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FEBRUARY 14, 2006

If the fighting gets rough

At a lunch for carefully selected members of the British media in F1, FIA President Max Mosley launched his latest campaign to try to convince the automobile manufacturers that they have to sign up for the new Concorde Agreement, which he wants to see as the guiding document for Formula 1 from 2008 to 2012.

Last week Mosley started talking of the idea that the Formula One group should not offer any revenue-sharing to the teams that have not yet signed up to this deal. He has now followed up by saying that the FIA will open entries for 2008 in March 2006 and will keep them open for only 10 days.

Up to now the entry for the FIA Formula 1 World Championship has been kept open until November 15 of the previous year. The idea of opening and closing entries almost two years before the championship in question will inevitably be seen as a political manoeuvre and there are certain to be suggestions that it is being done in an effort to stampede the automobile manufacturers into a situation in which they are forced to accept terms they do not wish to accept. Mosley clearly believes, along with many others in F1, that the manufacturers are incapable of actually creating their own championship and believes that all they ever do is talk about it. What he does not seem to consider is that there are other options available to the manufacturers which he can do little about. The manufacturers do not seem to have a problem with the financial deal on offer from the Formula One group. The problem appears to be that they do not like the way the sport is run.

Mosley says that the men who make decisions in the car companies about F1 programmes are not high-level executives, but the fact remains that despite many management changes in the last few years (a point Mosley often mentions), the manufacturers are still there and they still seem to be solid. Mosley's remarks and tactics are often seen by F1 people as pushing the manufacturers together rather than tearing them apart. Indeed one could argue that the manufacturers are, in fact, ahead of Mosley in the game because they did foresee attempts to split them up and so signed a legally-binding agreement in September last year to make sure that they did stay together.

The other problem is that Mosley has to find five teams which would realistically believe that they could take on Ferrari. There are plenty of teams with ambition but few have the money to do GP2 without pay-drivers. In addition several of the teams already signed up to the extended Concorde Agreement are nonetheless dependent on the manufacturers. In order to compete with Ferrari in the FIA series, a team would need to have a manufacturer engine. Williams and Red Bull Racing, for example, know that.

Mosley can picks his teams for 2008 and then discover with a month to go before the start of the 2008 World Championship that all the newcomers have been bought out and the manufacturers are back with the same resources they have today. Alternatively, the manufacturers could buy the teams and shut them down, which would ruin Mosley's series.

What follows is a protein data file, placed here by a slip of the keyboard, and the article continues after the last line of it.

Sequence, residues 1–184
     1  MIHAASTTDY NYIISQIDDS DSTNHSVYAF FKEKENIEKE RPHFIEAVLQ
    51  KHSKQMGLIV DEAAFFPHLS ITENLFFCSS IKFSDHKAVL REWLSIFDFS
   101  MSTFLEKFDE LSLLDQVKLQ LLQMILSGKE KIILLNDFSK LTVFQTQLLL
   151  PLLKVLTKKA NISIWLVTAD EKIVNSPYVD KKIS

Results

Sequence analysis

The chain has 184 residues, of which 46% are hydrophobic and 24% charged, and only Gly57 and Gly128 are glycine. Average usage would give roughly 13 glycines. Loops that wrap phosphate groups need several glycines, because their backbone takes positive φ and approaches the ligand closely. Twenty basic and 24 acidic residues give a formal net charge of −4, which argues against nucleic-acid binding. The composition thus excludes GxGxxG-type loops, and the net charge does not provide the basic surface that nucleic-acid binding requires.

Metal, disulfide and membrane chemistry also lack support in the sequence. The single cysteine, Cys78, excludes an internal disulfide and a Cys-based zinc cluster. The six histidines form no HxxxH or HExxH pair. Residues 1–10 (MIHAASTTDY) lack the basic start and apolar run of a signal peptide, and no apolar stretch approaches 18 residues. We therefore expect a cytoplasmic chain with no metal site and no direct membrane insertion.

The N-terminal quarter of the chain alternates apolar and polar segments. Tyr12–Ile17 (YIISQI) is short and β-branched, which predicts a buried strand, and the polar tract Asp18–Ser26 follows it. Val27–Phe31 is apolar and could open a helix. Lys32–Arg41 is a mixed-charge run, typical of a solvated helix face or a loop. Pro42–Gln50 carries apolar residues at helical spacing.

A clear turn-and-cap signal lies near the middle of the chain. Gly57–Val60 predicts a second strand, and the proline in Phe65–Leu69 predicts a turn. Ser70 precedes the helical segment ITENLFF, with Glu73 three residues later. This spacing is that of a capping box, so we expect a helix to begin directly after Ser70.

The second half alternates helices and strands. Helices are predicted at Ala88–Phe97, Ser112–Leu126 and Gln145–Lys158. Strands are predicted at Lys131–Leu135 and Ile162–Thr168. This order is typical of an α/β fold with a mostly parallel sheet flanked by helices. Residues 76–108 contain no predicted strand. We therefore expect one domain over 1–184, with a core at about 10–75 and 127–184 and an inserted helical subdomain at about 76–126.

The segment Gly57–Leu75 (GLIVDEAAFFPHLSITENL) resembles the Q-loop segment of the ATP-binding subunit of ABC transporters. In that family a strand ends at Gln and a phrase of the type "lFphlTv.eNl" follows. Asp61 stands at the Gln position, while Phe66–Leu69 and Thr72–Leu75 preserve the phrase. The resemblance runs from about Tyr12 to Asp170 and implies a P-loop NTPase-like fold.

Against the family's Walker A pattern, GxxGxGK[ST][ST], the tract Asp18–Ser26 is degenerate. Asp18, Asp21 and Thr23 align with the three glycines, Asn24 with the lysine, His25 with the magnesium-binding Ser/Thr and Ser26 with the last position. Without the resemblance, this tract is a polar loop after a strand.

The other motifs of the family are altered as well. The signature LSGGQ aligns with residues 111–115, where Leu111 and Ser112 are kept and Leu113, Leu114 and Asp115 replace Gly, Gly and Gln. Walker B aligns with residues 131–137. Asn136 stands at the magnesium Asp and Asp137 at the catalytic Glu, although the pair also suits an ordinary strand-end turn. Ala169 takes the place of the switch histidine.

The key point that Mosley did not focus on is that while getting the number of teams needed is not really the issue, the more important point is whether the series can attract an audience.

The danger of Mosley's plan is that it may also stir up questions about whether or not the FIA is acting correctly in terms of sports governance. The FIA is recognised by the European Union as having the power to run the sport as it sees fit but the basis of that power is the Nice Treaty and this states that federations must act with "due regard for national and community legislation and on the basis of a democratic and transparent method of operation". One can imagine expensive lawyers making a case against the FIA not least because of another clause in the Nice Treaty which reads that sports federations should "provide the possibility of access to sports for the public at large, human and financial support for amateur sports, promotion of equal access to every level of sporting activity for men and women alike, youth training, health protection and measures to combat doping, acts of violence and racist and xenophobic occurrences".

The key point here is that "these social functions entail special responsibilities for federations and provide the basis for the recognition of their competence in organising competitions".

Mosley says that he has "a real determination to see this through" and says that he honestly believes that if F1 is to prosper costs must come down. That is all well and good, but the manufacturers also have real determination to see that the sport is run in a way that they consider to be acceptable.

The advantage they have is that car companies go on and on, FIA presidents ultimately get old and get replaced and as the FIA electorate discovered last autumn, there is not another Mosley out there.